Matthias Vogel challenges the belief, dominant in contemporary
philosophy, that reason is determined solely by our discursive,
linguistic abilities as communicative beings. In his view, the
medium of language is not the only force of reason. Music, art, and
other nonlinguistic forms of communication and understanding are
also significant. Introducing an expansive theory of mind that
accounts for highly sophisticated, penetrative media, Vogel
advances a novel conception of rationality while freeing philosophy
from its exclusive attachment to linguistics.
Vogel's media of reason treats all kinds of understanding and
thought, propositional and nonpropositional, as important to the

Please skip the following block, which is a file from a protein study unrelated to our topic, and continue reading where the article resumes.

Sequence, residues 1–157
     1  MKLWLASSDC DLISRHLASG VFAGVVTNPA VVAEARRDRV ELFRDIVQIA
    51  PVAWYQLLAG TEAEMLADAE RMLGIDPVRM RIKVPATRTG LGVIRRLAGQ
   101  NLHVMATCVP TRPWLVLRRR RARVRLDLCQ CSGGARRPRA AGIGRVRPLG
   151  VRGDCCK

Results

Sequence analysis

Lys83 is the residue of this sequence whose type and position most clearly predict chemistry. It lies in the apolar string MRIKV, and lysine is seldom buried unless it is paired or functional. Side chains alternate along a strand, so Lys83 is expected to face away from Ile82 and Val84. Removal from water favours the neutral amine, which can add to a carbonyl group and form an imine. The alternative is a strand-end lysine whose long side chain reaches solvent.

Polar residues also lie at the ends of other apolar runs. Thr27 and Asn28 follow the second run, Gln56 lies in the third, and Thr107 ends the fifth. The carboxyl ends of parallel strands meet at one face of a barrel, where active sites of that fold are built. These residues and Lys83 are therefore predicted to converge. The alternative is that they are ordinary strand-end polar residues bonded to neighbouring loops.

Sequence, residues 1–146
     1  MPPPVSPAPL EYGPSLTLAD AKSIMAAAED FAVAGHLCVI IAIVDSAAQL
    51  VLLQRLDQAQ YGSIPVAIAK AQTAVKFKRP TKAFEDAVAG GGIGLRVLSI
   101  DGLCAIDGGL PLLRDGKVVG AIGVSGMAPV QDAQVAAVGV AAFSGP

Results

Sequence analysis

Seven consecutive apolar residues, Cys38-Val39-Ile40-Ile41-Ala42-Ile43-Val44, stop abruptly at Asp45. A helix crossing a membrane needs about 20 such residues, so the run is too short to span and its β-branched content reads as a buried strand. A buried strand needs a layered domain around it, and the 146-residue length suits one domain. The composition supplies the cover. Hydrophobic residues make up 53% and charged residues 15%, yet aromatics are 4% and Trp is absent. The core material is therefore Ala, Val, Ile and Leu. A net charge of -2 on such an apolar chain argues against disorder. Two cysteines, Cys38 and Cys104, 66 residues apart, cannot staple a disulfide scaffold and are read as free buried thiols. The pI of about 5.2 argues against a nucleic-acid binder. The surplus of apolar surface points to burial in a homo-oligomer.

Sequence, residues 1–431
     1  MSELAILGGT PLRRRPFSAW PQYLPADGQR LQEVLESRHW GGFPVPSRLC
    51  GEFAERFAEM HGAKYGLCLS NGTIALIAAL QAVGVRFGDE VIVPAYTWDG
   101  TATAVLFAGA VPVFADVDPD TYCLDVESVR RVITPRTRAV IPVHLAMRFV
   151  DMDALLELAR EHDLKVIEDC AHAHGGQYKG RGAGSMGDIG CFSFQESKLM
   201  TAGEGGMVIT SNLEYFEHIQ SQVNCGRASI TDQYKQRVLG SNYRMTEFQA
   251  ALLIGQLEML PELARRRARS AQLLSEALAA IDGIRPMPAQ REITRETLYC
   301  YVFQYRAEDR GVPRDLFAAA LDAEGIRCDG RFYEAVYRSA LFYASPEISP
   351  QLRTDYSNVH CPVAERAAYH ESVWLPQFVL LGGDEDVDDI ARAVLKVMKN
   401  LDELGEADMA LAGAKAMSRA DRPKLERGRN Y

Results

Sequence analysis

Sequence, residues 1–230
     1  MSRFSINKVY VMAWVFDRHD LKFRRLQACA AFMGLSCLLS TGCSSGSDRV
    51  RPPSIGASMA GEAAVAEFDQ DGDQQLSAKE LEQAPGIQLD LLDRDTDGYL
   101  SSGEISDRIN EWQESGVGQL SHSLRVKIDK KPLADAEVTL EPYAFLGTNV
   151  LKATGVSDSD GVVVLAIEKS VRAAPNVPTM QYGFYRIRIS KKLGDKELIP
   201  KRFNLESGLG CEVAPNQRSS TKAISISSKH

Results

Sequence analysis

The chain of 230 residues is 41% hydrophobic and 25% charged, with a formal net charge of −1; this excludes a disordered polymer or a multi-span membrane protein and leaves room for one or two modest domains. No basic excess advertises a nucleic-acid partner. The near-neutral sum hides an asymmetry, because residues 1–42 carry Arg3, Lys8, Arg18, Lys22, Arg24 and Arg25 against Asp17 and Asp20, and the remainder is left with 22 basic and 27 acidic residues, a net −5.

processes and production of knowledge and thinking. By developing
an account of rationality grounded in a new conception of media, he
raises the profile of the prelinguistic and nonlinguistic
dimensions of rationality and advances the Enlightenment project,
buffering it against the postmodern critique that the movement
fails to appreciate aesthetic experience.
Guided by the work of Jürgen Habermas, Donald Davidson, and a
range of media theorists, including Marshall McLuhan, Vogel
rebuilds, if he does not remake, the relationship among various
forms of media -- books, movies, newspapers, the Internet, and
television -- while offering an original and exciting contribution
to media theory.
Subjects: Philosophy, Sociology
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